But the final—and perhaps most important—point is that CAP’s recommended set of fiscal reforms would help improve both equity and effectiveness. For instance, many states have not done nearly enough to build robust accounting systems. These three new reports show that some states allow districts to engage in weak budgeting practices, such as using two sets of financial statements. These findings suggest that schools and districts need more robust accounting methods, which will allow the public to track more easily where and how funds are being spent.
An example of an effective budget reform is student-based budgeting, which was for a long time known as weighted student funding. This practice allows state and district funds that are weighted by individual student needs—for example, whether a student is low income, has a disability, or is an English language learner—to truly follow the child to a school. Student-based budgeting eliminates all or most of the so-called categorical program grants—funds that are directed to specifically identified programs such as art and music, school libraries, tutoring programs, and more. The student-based budgeting approach can improve educational effectiveness by providing far more flexibility to schools. Moreover, the reform also provides for more equity both within and across school districts, since the amount of money dedicated to schools is tied to student needs rather than to programs.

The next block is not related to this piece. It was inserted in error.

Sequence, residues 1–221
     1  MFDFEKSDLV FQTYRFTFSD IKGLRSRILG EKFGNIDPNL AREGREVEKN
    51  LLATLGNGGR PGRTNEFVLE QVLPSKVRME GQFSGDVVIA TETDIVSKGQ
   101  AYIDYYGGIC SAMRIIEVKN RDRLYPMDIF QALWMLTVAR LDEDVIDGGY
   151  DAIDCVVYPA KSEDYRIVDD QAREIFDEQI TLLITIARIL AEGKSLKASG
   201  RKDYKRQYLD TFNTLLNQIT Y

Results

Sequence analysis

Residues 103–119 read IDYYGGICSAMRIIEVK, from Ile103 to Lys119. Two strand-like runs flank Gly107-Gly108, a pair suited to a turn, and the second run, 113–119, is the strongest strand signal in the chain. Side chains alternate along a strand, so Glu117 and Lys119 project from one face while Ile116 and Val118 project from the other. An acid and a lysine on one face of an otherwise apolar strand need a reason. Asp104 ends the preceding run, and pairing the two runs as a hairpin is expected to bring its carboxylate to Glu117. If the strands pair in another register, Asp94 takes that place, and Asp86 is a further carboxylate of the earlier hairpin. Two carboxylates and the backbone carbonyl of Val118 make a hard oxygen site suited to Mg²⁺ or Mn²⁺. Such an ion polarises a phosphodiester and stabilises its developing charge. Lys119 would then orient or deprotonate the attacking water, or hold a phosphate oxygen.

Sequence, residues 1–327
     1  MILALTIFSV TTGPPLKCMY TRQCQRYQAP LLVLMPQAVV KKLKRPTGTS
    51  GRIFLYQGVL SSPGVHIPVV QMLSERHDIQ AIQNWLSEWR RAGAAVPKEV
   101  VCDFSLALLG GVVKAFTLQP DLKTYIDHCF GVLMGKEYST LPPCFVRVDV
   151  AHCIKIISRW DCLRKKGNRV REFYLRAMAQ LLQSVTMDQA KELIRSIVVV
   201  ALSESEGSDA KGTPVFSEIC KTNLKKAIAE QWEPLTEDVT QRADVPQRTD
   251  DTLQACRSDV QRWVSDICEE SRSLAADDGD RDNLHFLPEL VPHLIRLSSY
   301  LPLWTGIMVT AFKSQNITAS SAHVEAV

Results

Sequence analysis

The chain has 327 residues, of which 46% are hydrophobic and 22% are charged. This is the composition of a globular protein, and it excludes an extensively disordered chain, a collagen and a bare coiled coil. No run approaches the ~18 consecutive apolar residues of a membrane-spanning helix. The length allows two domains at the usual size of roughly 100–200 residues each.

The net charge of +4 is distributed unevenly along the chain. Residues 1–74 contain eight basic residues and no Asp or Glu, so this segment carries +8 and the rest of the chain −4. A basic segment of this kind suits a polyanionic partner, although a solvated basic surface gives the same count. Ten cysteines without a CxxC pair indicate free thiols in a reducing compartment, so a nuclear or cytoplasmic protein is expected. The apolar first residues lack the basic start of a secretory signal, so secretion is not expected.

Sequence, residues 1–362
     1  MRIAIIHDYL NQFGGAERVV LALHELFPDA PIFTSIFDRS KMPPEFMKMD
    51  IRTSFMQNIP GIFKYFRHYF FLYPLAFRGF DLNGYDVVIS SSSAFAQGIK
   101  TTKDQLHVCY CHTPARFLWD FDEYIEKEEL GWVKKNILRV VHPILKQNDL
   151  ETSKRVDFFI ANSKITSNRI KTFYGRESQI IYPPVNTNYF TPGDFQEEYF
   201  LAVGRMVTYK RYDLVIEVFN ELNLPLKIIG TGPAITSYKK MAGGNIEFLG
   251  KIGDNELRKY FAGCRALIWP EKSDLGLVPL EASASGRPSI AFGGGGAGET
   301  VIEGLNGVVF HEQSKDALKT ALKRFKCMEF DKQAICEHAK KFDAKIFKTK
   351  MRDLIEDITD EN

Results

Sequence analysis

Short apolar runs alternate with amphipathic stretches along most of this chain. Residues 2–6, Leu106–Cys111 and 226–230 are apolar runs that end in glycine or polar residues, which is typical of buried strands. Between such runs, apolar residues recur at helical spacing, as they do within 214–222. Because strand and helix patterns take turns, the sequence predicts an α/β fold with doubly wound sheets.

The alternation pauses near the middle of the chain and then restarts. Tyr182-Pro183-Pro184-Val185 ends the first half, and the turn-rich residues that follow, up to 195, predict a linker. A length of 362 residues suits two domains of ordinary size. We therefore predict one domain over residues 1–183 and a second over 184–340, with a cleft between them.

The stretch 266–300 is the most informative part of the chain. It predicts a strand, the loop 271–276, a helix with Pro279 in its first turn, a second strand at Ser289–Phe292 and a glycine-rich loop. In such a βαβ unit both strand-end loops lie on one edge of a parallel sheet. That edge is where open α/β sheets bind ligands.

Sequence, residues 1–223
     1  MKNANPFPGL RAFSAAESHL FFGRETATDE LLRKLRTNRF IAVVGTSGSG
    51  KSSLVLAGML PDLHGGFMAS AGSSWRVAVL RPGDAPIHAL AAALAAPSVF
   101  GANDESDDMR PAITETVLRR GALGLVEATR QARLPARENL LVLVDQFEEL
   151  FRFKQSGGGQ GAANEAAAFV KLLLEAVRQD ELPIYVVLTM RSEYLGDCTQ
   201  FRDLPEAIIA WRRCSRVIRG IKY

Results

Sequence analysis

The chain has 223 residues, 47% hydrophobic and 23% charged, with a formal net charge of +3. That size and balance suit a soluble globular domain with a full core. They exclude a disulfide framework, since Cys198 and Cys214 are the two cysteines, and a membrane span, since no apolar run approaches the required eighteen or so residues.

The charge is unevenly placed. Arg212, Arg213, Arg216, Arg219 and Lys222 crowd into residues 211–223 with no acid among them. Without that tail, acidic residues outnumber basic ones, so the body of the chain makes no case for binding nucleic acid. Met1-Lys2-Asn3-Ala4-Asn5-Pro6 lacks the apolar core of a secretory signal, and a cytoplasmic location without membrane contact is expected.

Looking forward, states and localities must do more to address the issues of fiscal fairness and productivity. The following truth is borne out across each of these reports: Archaic school funding formulas contribute to both the unfair and the ineffective distribution of public education dollars. The research also shows that states must work to revise their budgets to better reflect the needs of students in the most disadvantaged districts. At the same time, states must also take a harder look at the ways they spend their dollars and the ways they assess the efficient use of that money. The reality is that even the fairest of school funding formulas will continue to leave the most needy students behind without a system in place that encourages productivity.
Ulrich Boser is a Senior Fellow at the Center for American Progress.